At last the creek "fell," and the bridge became again passable to Miles and his waddling horse. The operators disconnected their wires, put their apparatus in order, locked the wooden cases over their instruments, and rode in triumph (Mr. Loudon had come in the buggy for Harry) to Akeville.

Harry was received with open arms by his mother and Kate; and Mrs. Loudon declared that this should be the last time that he should go on such an expedition.

She was right.

The next afternoon there was a meeting of the Board of Managers of the Crooked Creek Telegraph Company, and the Secretary, having been hard at work all the morning, with the assistance of the Treasurer and the President, made a report of the financial results of the recent five days' working of the company's line.

It is not necessary to go into particulars, but when the sums due the company from the Mica Company and sundry private individuals had been set down on the one side, and the amounts due from the telegraph company to Aunt Judy for candles and board and lodging for one operator; to Uncle Braddock and Jim Haskins for services as messengers; to Hiram Anderson for damages to boat (found near the river, stuck fast among some fallen timber, with one end badly battered by floating logs), and for certain extras in the way of additional stationery, etc., which it had become necessary to procure from Hetertown, had been set down on the other side, and the difference between the sums total had been calculated, it was found, and duly reported, that the company had made six dollars and fifty-three cents.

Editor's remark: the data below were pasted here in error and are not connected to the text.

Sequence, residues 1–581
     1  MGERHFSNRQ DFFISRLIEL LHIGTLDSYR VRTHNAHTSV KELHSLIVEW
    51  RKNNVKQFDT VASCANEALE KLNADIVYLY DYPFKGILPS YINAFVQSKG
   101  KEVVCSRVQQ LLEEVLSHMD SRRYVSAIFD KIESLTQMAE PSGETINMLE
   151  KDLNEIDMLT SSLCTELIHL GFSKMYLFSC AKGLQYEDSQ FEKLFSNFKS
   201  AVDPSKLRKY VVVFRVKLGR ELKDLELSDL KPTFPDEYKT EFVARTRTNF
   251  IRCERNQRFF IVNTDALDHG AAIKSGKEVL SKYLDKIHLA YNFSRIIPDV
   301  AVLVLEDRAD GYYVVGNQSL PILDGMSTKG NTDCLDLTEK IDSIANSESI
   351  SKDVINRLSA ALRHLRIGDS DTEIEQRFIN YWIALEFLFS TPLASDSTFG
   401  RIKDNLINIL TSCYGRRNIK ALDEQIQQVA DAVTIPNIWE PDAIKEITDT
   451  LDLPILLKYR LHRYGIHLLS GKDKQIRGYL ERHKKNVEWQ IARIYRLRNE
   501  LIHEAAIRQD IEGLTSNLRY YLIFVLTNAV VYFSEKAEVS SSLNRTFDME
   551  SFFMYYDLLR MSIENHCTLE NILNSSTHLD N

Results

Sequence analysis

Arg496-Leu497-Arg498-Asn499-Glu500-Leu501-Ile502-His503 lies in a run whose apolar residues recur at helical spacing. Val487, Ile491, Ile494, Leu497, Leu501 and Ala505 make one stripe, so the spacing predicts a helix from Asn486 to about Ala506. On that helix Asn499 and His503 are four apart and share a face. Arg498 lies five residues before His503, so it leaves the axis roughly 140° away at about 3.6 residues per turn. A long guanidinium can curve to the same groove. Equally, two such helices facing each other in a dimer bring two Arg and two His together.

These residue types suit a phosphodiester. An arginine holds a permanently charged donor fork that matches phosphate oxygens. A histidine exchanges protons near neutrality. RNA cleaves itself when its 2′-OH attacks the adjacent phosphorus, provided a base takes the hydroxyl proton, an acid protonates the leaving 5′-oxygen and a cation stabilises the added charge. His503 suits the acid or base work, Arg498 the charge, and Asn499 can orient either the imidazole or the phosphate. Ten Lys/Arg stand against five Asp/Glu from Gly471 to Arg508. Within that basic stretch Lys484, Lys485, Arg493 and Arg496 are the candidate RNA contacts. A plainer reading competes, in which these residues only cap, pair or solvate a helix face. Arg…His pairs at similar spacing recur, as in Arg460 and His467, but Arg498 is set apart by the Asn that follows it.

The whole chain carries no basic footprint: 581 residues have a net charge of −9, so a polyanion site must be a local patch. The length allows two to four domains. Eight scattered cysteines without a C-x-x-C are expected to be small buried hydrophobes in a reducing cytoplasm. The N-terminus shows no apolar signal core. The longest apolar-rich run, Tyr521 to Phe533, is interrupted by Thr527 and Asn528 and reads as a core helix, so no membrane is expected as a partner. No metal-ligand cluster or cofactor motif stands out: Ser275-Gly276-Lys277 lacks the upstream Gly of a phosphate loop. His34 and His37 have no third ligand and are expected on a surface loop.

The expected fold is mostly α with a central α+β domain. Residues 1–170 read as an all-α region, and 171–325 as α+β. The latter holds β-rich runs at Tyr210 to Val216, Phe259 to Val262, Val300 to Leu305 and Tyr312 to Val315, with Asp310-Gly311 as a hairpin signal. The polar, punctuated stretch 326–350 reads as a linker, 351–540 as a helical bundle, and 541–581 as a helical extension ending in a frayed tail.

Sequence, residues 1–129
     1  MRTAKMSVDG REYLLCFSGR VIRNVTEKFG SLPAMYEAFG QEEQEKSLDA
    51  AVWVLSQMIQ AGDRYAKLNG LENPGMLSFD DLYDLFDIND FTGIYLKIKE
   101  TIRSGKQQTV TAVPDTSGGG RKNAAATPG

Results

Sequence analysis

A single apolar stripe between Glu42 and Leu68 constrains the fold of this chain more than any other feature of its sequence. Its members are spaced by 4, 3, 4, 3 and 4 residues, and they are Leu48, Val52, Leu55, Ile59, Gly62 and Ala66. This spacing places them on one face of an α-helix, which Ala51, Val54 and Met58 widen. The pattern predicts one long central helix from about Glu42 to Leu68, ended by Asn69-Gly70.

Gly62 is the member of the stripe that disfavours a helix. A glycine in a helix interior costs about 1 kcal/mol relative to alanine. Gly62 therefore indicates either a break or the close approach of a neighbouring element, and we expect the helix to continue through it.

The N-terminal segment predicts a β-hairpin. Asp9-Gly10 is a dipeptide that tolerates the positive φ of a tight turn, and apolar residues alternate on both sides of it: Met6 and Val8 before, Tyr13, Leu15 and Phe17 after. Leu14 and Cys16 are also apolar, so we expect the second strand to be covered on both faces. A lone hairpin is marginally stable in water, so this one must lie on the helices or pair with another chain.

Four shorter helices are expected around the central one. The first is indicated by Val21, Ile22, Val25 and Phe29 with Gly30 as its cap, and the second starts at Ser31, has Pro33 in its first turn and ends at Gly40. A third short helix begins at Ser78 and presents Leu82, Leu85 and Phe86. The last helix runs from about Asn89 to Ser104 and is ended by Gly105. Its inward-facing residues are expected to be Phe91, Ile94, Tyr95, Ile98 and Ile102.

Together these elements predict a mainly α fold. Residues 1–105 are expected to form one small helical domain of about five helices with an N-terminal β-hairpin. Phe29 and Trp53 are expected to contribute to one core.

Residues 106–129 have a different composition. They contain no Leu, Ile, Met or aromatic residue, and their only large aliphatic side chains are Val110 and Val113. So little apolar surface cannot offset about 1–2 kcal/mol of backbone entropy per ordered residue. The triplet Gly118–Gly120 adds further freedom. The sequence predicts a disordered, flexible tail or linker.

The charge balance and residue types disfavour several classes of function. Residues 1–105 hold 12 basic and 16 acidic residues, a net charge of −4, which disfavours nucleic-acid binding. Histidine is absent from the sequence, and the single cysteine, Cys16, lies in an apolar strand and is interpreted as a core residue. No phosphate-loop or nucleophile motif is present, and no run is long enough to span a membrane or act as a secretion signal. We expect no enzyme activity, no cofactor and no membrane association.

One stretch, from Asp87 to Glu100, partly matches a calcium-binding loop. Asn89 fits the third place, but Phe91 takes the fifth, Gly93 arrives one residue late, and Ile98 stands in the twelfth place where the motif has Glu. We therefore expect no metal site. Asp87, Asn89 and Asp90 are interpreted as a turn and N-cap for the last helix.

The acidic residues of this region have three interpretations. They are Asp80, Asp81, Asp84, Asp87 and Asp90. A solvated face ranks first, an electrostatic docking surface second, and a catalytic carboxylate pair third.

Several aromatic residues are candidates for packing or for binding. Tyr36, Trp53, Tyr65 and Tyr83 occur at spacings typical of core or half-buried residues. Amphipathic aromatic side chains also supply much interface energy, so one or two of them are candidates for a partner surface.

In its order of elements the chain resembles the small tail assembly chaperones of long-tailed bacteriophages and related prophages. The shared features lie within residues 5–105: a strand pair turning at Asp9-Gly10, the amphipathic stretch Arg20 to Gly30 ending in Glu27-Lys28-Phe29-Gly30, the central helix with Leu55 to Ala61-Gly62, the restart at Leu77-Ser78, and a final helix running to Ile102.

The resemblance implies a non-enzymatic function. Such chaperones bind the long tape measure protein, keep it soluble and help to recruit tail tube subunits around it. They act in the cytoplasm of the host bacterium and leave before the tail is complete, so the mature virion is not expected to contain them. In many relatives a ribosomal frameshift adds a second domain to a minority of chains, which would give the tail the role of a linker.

This was not very encouraging. It was seldom that the creek was up more than five days at a time, and so this was a very favorable opportunity of testing the value of the line as a money-making concern.

It was urged, however, by the more sanguine members of the Board that this was not a fair trial. There had been many expenses

which probably would not have to be incurred again.

"But they didn't amount to so very much," said Kate, who, as Treasurer, was present at the meeting. "Aunt Judy only charged a dollar and a half for Harry's board, and the boat was only a dollar. And all the other expenses would have to be expected any time."

After some further conversation on the subject, it was thought best to attend to present business rather than future prospects, and to appoint committees to collect the money due the company.

Harry and Tom Selden were delegated to visit the mica-mine people, while Harvey, Wilson Ogden, and Brandeth Price composed the committee to collect what was due from private individuals.

Before Harry started for the mica mine, he consulted his father in regard to charging full price for the telegrams which he carried across the creek in his pocket.

Mr. Loudon laughed a good deal at the transaction, but he told Harry that there was no reason why he should not charge for those telegrams. He had certainly carried them over in the first place, and the subsequent double transmission over the wire was his own affair.

When Harry and Tom rode over to the mica mine the next morning, and explained their business and presented their bill, their account was found to be correct, and the amount of the bill was promptly handed to them.

When this little business had been transacted, Mr. Martin, the manager of the mine, invited them to sit down in his office and have a talk.

"This line of yours," said he, "is not going to pay you."

"Why not?" asked Harry, somewhat disturbed in mind by this sudden statement of what he had already begun to fear was an unpleasant truth.

"It has paid us," said Tom Selden. "Why, we've only been working it five days, on regular business, and we've cleared-well, we've cleared considerable."